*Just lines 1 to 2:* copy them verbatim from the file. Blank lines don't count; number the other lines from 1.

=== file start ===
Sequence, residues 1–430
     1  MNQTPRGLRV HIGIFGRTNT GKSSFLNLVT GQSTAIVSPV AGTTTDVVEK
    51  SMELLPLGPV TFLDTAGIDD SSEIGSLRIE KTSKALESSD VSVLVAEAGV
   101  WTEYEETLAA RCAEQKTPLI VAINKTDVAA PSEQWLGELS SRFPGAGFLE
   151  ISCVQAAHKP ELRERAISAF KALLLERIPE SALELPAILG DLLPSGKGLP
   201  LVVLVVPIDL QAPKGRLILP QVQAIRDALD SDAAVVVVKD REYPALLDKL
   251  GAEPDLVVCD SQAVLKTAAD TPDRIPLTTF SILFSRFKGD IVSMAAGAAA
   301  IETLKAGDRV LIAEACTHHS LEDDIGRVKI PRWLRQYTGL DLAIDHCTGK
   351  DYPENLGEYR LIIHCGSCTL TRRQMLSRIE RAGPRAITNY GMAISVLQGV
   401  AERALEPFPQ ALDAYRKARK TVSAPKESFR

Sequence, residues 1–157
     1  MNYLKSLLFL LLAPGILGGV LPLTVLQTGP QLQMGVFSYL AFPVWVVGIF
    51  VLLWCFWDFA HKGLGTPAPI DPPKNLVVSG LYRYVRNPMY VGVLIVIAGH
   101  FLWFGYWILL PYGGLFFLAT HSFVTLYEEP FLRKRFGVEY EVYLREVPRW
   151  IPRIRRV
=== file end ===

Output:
Sequence, residues 1–430
     1  MNQTPRGLRV HIGIFGRTNT GKSSFLNLVT GQSTAIVSPV AGTTTDVVEK